The Redskins should have seen the end at the beginning, when Montana entered after the opening kickoff and led the 49ers on a 60-yard, 13-play drive for Cofer's 31-yard field goal. He kept the drive alive with three straight third-down completions -- a six-yarder to Wesley Walls and a 12-yarder and 26-yarder to Taylor.

The third time the 49ers got the ball he led an eight-play, 67-yard drive that ended with Rice cutting behind Green and catching a 12-yard touchdown pass. He faced two third-down plays on that drive, hitting Rice for 30 over Green and fullback Tom Rathman across the middle for 14.

Rice's score made it 10-0 and the second quarter was 42 seconds old.

"We were clearly in sync," 49ers Coach George Seifert said.

The Redskins responded by driving 66 yards to the San Francisco 20, where Rypien, not seeing wide-open running back Kelvin Bryant, missed wide receiver Gary Clark on third and four. Chip Lohmiller kicked a 37-yard field goal to make it 10-3.

But Montana took the 49ers 80 yards in five plays, with Taylor beating Mayhew for a 49-yard touchdown to make it 17-3.

The Redskins may not have been out of it at any point, but they were on the ropes and bleeding from this point on.

They responded with an 83-yard drive that ended with Rypien hitting wide receiver Art Monk with a 35-yard touchdown pass. The problem was that it came 1:48 before the half, more than enough time for Montana, who connected on six straight passes, to move Cofer into position for a 29-yarder with one second left.

The Redskins then very nearly got back into the game to open the second half. They began with a drive from their 24 to the 49ers 15. Rypien missed Monk on third and six, and Lohmiller came in to try a 33-yard field goal.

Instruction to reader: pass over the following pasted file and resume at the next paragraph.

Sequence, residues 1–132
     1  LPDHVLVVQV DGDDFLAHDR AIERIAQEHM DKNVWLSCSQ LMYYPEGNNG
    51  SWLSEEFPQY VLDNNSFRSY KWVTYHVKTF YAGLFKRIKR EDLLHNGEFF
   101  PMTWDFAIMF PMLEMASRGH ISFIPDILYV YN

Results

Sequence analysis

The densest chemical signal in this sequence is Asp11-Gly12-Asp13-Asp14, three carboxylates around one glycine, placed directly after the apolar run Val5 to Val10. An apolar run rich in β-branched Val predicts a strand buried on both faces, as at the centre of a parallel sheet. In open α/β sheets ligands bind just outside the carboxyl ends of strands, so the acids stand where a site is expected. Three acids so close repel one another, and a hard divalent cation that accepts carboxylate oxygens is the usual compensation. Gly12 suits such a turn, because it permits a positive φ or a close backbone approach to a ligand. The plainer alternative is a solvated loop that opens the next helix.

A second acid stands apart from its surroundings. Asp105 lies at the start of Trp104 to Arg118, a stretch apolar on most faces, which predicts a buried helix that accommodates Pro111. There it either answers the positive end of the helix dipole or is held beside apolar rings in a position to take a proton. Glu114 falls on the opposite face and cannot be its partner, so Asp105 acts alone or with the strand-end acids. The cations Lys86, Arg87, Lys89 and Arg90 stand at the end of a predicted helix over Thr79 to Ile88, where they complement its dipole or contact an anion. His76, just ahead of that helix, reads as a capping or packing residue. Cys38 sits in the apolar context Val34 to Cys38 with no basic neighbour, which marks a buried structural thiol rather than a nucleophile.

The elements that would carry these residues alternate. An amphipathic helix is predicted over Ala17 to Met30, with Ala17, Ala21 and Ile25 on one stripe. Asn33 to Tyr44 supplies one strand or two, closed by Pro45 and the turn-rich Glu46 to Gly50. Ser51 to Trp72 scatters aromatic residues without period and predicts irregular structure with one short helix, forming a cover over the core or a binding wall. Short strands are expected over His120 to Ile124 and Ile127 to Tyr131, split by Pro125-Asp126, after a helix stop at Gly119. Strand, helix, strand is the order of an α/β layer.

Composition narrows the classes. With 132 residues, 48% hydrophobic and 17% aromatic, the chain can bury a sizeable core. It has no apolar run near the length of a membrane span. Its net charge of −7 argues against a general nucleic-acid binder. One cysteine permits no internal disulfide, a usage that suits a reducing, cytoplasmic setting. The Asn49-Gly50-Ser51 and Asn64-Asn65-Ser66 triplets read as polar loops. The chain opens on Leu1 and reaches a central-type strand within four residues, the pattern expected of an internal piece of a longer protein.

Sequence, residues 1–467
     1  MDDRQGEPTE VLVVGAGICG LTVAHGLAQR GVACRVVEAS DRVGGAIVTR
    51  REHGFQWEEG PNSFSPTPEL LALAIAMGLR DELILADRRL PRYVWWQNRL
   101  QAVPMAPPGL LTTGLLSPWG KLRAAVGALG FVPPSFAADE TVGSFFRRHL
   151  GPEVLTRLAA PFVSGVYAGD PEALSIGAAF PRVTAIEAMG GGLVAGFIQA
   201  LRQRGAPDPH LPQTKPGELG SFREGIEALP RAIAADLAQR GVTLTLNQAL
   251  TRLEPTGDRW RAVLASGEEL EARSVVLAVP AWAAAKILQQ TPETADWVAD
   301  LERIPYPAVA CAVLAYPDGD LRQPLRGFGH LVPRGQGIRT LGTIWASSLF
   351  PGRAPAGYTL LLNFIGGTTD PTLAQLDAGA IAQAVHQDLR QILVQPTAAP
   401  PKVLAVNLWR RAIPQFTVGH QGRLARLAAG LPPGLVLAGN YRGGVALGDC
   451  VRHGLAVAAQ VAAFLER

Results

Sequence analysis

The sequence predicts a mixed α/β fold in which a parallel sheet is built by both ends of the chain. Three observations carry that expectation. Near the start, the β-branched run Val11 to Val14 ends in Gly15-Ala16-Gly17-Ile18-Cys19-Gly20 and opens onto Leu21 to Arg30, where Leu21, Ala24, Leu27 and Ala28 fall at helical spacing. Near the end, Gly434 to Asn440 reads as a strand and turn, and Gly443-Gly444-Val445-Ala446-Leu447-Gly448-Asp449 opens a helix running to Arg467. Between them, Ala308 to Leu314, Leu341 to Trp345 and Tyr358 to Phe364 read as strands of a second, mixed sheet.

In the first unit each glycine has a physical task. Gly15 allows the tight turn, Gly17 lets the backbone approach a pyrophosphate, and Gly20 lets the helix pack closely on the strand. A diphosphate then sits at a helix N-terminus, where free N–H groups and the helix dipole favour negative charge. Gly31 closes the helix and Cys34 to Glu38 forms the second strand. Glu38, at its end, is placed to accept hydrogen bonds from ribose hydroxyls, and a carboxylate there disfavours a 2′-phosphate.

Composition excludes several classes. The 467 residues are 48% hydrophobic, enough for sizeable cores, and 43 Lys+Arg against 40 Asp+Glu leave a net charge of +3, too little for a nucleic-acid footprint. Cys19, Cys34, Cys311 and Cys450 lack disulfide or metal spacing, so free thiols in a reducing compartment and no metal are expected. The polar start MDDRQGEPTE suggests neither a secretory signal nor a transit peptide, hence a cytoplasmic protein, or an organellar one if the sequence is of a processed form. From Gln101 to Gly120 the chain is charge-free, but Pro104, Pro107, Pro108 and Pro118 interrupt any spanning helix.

The snap from John Brandes was high and Charles Haley rumbled up the middle to block the kick.

But the 49ers were stopped and the Redskins again moved the ball. Rypien hooked up with Clark on a 40-yarder than gave the Redskins first and goal at the 1.

At this point, the day unraveled as running back Gerald Riggs was hit by safety Chet Brooks on first down and by linebacker Matt Millen for a loss of two on second down.

Gibbs then called a naked reverse for Rypien, but it never got going. The 49ers gambled and safety Ronnie Lott was in the backfield almost before Rypien faked the handoff to Riggs. Lohmiller's 20-yard field goal made it 20-13, but the Redskins had blown their best chance of the day.

Montana and the 49ers held the ball for 9 1/2 minutes their next two possessions, got two field goals out of it and the Redskins were almost out of chances.

They had one final hope when Green stepped in front of Rice to intercept at the 49ers 45 with 5:30 remaining. But Rypien missed a couple of passes, and on fourth and four at the 39, he missed wide receiver Ricky Sanders across the middle.

The game ended on a perfect note. After Rypien's final completion, the 49ers got the ball with 4:44 left and Montana ran out the clock, ending the game on the Redskins 14.

"They gave me all kinds of time," Montana said of his offensive line, which was roundly ripped for its performance in New Orleans. "I think the way we played today was close to how we were playing at the end of last season. When you have the kind of time I had, we can throw to anyone, the backs, tight ends or wideouts."

Green spoke for a lot of his teammates when he said: "I came in here with a lot of respect for Jerry Rice and the 49ers. We stopped them on first and second down but they made plays they needed to make. That was the difference in the game."